Last week, when Spokane Public Schools teachers walked out of their classrooms to stand on street corners for one day, education was suddenly all over the news and social media.
I watched the coverage and commentary with interest, my emotions conflicted. I’d just written a column about standardized testing and why I chose to opt one son out of the Smarter Balanced Consortium Assessment. The day that column was published, I learned the entire junior class at Nathan Hale High School in Seattle opted out.
Like me, they or their parents had hit a tipping point of test-taking frustration.
Yet here in Spokane, most of the parents who contacted me after that column were surprised. They were just as frustrated that countless hours of classroom instruction have been swallowed by test-taking but didn’t realize opting out was an option.
“I didn’t know I could opt my kids out of some of these stupid tests. I’m gonna start asking about it now. I really hate all the time wasted, and if parents started opting their kids out maybe they’d rethink it,” Jamie Wirth wrote.
Stephanie Freeman wrote, “Thanks for the info on this subject. I just always assumed they had to take the tests. I now know better and can make a better choice for my kiddo later.”
I also heard from current and former educators. To my surprise, not one was critical of the column or our family’s choice to opt out. Instead, they applauded any attempt to educate others about the ridiculous number of hours our students spend taking and prepping for standardized tests. They’re frustrated because state-mandated tests have hijacked their classrooms and stolen their teaching time.
“Thank you so much for hitting the nail squarely on the head with your column on SBAC,” wrote Robert Paukert, a high school English teacher who’s taught for 22 years. “You really captured how many of us feel about all these standardized tests.”
Jane Mark wrote about how the tests have impacted a 10-year-old student she voluntarily tutors. The child speaks English well as a second language but struggles in school. She has a low IQ but it isn’t low enough to qualify for services, and her parents lack the education or English proficiency to help.
She’s been falling further and further behind in school, but the No Child Left Behind law, which is supposed to help students like her, isn’t living up to its name, from what Mark described.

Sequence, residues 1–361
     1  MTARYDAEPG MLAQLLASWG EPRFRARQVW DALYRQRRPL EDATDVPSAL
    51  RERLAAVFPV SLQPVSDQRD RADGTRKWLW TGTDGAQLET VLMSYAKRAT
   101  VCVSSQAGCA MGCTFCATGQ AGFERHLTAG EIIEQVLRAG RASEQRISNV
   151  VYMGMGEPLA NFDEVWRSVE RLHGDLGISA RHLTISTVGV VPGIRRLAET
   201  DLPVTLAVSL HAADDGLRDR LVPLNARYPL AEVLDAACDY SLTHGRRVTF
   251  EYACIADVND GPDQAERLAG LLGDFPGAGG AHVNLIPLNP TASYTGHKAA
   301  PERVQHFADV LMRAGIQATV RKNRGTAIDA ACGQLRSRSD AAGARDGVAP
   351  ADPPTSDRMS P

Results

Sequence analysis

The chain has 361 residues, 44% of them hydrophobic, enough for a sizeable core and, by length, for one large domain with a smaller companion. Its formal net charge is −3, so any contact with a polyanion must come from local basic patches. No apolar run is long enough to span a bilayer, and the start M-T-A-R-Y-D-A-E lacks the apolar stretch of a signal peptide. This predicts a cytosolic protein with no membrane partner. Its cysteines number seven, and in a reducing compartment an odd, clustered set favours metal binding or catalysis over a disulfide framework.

“Because of the ‘No Child Left Behind Philosophy’ the school’s strategy is to insist that the girl somehow work harder to raise her scores on the state test. The teacher recommended that the girl “ask more questions in class when she doesn’t understand.” She is so far behind that she can’t begin to ask questions, and it would be the height of embarrassment for her to even try something like that,” wrote Mark.
“This is tantamount to any of them being required to master Einstein’s theory of relativity in a year when it’s being taught to them in Spanish and then having to ask the professor questions in Spanish if they don’t understand. Then, if they didn’t pass the test on this subject, they couldn’t get their graduate degree.”
Yet, somehow this student is supposed to pass state-mandated standardized tests. That takes a toll.
“This year the girl has become very depressed,” Mark wrote. “She is set up by the system to fail and is not placed in a situation where she at least can have some hope of success. … I will fight for her as best I can, but I’m not naive enough to think that I will be able to get a more reasonable situation for this child. School districts must base their curriculum on the state test in order to show the state that they are putting every resource into a higher passage rate. What happens when it doesn’t work? Children who cannot advocate for themselves suffer.”
Not one reader wrote me to support the increase in standardized testing, and last week this issue was a major point made by teachers across the state when they walked out. They’re also lobbying for reduced class size and increased education funding, but that’s another story.
As I watched walkout coverage, it surprised me when some of our elected legislators complained about one lost day of classroom instruction. That’s nothing compared with the weeks of instruction they’ve stolen from our children by requiring so many standardized tests.
Local journalism is essential.
Give directly to The Spokesman-Review's Northwest Passages community forums series -- which helps to offset the costs of several reporter and editor positions at the newspaper -- by using the easy options below. Gifts processed in this system are not tax deductible, but are predominately used to help meet the local financial requirements needed to receive national matching-grant funds.
Subscribe to the Spokane7 email newsletter
Get the day’s top entertainment headlines delivered to your inbox every morning.